CISAC president and laser-spurting musician Jean-Michel Jarre has been speaking out again about the ‘value gap’ and the music industry’s relationships with big-tech giants.
“We must solve the problem of the sustainable economy for culture. The fact that you get $1,000 dollars after 10 million clicks on YouTube. When YouTube is making billions of dollars on the back of cultural content,” he told Billboard.
“That’s not more money going to everybody. It’s more money for these companies and just a tiny, tiny percentage for everybody else. It’s as if we’re in a medieval dark digital age, where you have the king getting all the money and all the rest of the population starving.”
Jarre welcomed the recent copyright-reform proposals by the European Commission, but had some friendly words for the big-tech companies – albeit with a sting in the tale.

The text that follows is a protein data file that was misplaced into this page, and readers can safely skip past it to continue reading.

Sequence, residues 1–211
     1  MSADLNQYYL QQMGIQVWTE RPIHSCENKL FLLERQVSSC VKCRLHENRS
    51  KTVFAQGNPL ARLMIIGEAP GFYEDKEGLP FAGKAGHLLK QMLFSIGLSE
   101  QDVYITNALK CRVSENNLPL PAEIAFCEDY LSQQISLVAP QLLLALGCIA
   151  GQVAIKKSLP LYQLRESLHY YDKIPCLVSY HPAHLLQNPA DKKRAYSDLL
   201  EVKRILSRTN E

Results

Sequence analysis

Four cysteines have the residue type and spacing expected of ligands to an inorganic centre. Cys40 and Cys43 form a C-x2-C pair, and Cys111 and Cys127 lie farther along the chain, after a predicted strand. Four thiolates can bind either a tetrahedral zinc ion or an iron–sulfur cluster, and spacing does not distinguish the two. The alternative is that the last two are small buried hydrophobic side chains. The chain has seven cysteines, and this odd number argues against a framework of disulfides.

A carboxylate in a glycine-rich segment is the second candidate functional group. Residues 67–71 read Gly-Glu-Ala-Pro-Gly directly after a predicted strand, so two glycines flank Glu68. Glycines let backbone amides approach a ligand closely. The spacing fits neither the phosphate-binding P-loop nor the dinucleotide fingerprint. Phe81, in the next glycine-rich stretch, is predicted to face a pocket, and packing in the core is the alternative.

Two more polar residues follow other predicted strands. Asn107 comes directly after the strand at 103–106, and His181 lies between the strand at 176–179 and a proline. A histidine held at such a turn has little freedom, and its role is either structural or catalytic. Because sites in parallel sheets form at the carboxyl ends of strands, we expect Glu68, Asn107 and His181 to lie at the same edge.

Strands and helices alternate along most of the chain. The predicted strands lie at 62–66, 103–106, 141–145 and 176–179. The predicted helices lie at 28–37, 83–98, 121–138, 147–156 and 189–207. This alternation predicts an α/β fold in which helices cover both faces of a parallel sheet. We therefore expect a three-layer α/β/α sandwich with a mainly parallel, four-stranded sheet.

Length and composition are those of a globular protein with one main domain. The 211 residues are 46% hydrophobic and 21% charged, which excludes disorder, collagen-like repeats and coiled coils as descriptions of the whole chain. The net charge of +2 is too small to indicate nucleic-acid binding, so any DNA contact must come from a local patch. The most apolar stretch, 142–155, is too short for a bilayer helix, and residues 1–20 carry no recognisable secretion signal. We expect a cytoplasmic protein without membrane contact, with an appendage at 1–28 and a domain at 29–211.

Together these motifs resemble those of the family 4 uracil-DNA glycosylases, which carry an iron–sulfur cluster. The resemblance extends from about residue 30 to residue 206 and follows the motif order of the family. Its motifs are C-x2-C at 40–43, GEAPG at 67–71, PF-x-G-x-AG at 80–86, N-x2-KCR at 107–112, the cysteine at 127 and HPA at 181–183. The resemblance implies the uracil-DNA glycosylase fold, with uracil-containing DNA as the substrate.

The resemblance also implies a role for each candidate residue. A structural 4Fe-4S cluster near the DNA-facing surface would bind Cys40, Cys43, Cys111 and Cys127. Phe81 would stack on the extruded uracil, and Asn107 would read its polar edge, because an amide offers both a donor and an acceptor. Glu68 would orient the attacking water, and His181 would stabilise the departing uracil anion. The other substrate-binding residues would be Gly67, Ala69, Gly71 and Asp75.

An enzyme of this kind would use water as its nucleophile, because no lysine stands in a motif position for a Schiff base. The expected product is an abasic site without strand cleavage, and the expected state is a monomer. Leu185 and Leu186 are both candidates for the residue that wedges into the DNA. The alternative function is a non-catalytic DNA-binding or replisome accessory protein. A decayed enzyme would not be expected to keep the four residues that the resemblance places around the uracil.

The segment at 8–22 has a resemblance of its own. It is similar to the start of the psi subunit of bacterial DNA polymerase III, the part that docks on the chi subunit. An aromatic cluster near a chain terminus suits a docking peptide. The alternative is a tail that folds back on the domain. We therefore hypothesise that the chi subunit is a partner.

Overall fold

“We should stop thinking that Google or Apple are our enemies. They are not our enemies. The people behind these platforms are big music fans,” he said, before warning that they could follow MySpace down the dumper.
“If the next generation [starts to think of tech giants] as being the biggest marketing machine exploiting them – and exploiting the world the way that they are at the moment – they could just massively reject these systems and create something else…”